Another day, another loss. And two times where Royals batters grounded into double plays.
This is brutal.
The Royals hitters rank 13th among AL teams in B-WAR at 2.9. (Let’s not talk about the pitching. OK, we’ll digress for a moment. The Royals rank dead last in B-WAR for pitchers at -1.0. ) There are a variety of ways to illustrate the ineptitude of the Royals offense. Perhaps none is as damaging as their propensity to ground into double plays.
We saw it again on Monday. In the third inning, the Royals hit back to back singles (including one from Ian Kennedy!) to open the inning. Then Jorge Soler grounded into a double play. An inning later, Whit Merrifield was hit by a pitch with one out. Then Hunter Dozier grounded into a double play.
Two outs for the price of one, there’s nothing like a twin killing to snuff out a potential rally. And when a team is as thin offensively as the Royals, double plays are particularly painful.
The Royals current OBP is .318, which actually isn’t that bad. In fact, it’s right at the league average rate. Yet those baserunners aren’t translating into runs. After Monday’s shutout, the Royals are scoring just 3.87 runs per game, the second worst average in the AL and well below the major league average of 4.42 runs scored per game.
There are a lot of reasons the Royals aren’t bringing those runners around the bases to score. Their propensity to ground into double plays is certainly one. This year, the average team is grounding into a double play 10 percent of the time they have a runner on first and fewer than two outs. The Royals lead the majors in double play rate at a hefty 14 percent.
What’s particularly mind-blowing about their double play rate is the fact the Royals have had the fourth most “chances” in the majors. Chances merely reflect the fact the Royals are getting runners on base with less than two outs. In other words, they are sewing the seeds of a rally, just like we saw in the third inning on Monday. And then they’re sabotaging any opportunity for a big inning. Just like was saw on Monday.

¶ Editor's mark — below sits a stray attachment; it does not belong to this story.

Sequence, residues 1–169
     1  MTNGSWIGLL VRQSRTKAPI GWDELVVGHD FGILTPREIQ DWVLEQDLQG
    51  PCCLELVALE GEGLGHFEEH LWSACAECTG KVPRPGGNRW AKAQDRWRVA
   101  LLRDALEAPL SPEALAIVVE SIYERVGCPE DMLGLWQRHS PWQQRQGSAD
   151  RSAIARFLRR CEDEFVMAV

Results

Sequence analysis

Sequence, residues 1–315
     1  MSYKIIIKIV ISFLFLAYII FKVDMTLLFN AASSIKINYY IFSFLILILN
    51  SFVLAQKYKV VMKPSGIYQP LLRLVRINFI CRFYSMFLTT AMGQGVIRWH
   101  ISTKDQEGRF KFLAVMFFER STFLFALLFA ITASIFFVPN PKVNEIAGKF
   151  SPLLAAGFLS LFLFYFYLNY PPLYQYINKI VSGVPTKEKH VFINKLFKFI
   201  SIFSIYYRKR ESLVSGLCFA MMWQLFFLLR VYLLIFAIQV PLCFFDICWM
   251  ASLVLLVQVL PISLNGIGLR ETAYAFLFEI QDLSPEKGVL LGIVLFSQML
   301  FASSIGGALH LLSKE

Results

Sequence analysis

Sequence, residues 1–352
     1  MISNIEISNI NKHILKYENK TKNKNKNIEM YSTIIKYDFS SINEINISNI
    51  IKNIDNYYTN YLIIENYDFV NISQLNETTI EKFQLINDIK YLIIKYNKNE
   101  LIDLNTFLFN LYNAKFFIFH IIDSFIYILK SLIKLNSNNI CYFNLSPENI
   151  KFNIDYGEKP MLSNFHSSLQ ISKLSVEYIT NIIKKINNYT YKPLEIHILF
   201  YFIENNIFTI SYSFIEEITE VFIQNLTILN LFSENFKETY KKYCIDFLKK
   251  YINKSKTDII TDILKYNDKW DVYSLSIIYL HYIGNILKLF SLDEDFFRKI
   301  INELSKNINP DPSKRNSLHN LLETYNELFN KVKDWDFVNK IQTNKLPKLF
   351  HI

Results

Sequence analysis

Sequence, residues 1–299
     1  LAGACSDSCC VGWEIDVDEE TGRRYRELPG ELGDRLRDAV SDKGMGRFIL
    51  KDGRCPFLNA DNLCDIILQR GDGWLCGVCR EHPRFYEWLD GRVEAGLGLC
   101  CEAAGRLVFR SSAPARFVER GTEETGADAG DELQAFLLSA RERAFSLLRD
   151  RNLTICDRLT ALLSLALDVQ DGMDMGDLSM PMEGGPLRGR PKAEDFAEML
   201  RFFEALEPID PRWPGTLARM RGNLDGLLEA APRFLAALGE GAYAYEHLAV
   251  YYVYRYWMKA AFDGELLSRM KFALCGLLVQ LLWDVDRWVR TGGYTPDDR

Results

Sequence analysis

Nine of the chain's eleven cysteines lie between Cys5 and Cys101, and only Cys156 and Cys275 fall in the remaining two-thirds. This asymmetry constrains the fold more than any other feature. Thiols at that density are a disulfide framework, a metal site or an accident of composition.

|Cheslor Cuthbert (10-day dl)||20||5||25%|
|Lucas Duda (10-day dl)*||28||3||11%|
|Paulo Orlando (40-man)||19||2||11%|
|Cam Gallagher (40-man)||5||0||0%|
Salvador Perez has been stinging the baseball since his return from the DL, but damn if he isn’t making up for lost time when it comes to killing potential rallies. This is actually very impressive, given his current 33 percent ground ball rate. Perez is a guy who puts the ball in the air, except, it appears, when there is a runner on first and less than two outs. Almonte and Cuthbert have been impressive given they haven’t exactly had regular playing time. Escobar can’t do anything well with the bat, but I’m beginning to think that any time he’s up with a runner on and less than two outs, he needs to be squaring to bunt. Jon Jay puts the ball on the ground almost 60 percent of the time and isn’t exactly fleet of foot, so it’s not surprising he’s above league average. It is surprising to see Whit Merrifield right there with him.
This Royals offensive profile is kind of familiar. They have a high batting average, a league average OBP and next to no power. They don’t walk, nor do they strikeout. They put the ball in play and put pressure on the defense. That was a formula that worked for them in the recent past, but with a thinner lineup – especially in the bottom half – conspires to disrupt the plan. The double plays certainly don’t help, but as you can see from the Angels position just below the Royals in the first table, it doesn’t have to completely undermine an offense. A balanced lineup can overcome a high GIDP rate. The Royals don’t have a balanced lineup. Those double plays are particularly painful.
Can they change? Can they work to bring down their double play rate? That’s not something I would expect to happen. Their GIDP% last year was 14 percent. In 2016 it was 13 percent. This is a team that has been above league average in GIDP% every season going back to 2012. The gap has widened since the World Championship season, but this is simply a hallmark of this team, much like the fact they don’t take walks.
The difference this year, as mentioned previously, is the fact this lineup lacks the firepower that was present over the previous five seasons. This trend probably isn’t going to abate and it will continue to sabotage chances for the Royals to post the proverbial big inning.